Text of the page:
As of the end of 2012, the total grid-connected solar PV capacity worldwide reached 100 gigawatts.
That preliminary figure comes from the European Photovoltaic Industry Association (EPIA), who calculated that both 2011 and 2012 saw about 30 GW of capacity installed globally.
Last year, eight countries added one gigawatt (or more) of PV capacity, and now 13 countries have exceeded one gigawatt of cumulative installations. Almost 17 GW was installed in Europe alone – though that’s down from a record 23 GW in 2011 – with the top markets being Germany, Italy and France.
Outside of Europe, China was the top market for installations, followed by the U.S. and Japan.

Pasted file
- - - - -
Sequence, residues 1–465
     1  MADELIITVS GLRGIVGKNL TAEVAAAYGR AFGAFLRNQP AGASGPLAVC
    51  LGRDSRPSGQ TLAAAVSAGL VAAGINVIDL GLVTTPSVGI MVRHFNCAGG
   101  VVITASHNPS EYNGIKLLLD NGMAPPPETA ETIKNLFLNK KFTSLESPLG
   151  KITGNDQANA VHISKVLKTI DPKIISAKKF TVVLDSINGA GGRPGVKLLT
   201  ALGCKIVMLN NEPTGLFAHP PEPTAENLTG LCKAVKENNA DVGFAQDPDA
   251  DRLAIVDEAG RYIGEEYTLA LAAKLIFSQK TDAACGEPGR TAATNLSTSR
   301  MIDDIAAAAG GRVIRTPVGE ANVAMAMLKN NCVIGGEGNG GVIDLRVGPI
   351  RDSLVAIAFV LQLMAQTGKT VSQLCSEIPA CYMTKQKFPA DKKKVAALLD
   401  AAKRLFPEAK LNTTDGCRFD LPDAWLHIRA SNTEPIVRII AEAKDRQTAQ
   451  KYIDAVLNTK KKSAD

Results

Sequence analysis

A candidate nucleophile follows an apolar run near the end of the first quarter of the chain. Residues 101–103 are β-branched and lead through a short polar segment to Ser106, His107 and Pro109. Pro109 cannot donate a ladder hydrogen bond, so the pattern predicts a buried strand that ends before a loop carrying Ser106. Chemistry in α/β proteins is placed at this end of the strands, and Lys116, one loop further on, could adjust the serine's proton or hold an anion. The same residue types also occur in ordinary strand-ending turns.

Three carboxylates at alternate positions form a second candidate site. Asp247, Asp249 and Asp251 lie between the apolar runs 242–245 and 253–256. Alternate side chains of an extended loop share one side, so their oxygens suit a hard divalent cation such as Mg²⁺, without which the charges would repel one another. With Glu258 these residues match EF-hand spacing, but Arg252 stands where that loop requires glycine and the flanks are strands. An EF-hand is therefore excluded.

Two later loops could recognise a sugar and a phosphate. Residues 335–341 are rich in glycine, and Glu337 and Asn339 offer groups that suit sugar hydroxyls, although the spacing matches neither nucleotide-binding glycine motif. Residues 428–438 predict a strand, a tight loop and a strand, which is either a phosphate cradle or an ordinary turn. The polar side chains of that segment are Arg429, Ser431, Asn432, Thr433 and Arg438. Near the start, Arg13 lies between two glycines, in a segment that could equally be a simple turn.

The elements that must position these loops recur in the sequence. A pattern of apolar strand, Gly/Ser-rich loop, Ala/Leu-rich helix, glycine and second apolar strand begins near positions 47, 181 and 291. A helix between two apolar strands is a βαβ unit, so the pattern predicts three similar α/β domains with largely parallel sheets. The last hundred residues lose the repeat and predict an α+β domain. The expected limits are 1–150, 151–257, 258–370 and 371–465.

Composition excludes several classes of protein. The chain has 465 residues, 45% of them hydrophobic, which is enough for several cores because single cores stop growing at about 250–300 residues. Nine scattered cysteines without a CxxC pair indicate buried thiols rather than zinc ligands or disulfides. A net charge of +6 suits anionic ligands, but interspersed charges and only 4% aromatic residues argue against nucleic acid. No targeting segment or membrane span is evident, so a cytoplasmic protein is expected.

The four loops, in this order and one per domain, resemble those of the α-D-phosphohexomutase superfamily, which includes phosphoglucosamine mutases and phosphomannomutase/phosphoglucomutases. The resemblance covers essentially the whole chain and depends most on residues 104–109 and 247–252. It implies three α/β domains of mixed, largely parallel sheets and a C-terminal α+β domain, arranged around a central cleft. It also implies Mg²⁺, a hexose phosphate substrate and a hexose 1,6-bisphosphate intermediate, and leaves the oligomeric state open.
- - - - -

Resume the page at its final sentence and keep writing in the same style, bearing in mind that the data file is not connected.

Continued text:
This 100 GW milestone amounts to photovoltaics producing as much electricity in a year as 16 coal power plants, and a reduction in carbon dioxide emissions of 53 million tons.
“No one would have predicted even 10 years ago that we would see more than 100 GW of solar photovoltaic capacity in the world by 2012,” said EPIA President Winfried Hoffmann.
“The photovoltaic industry clearly faces challenges but the results of 2012 show there is a strong global market for our technology. Even in tough economic times and despite growing regulatory uncertainty, we have nearly managed to repeat the record year of 2011.”
The EPIA report touted the positive results for 2012 despite challenging regulatory environment, noting that Greece installed just under 1 GW despite its recession. Further, the EPIA predicts another year of 30 GW of global installations for 2013.
The final EPIA figures for global installations will be released in May.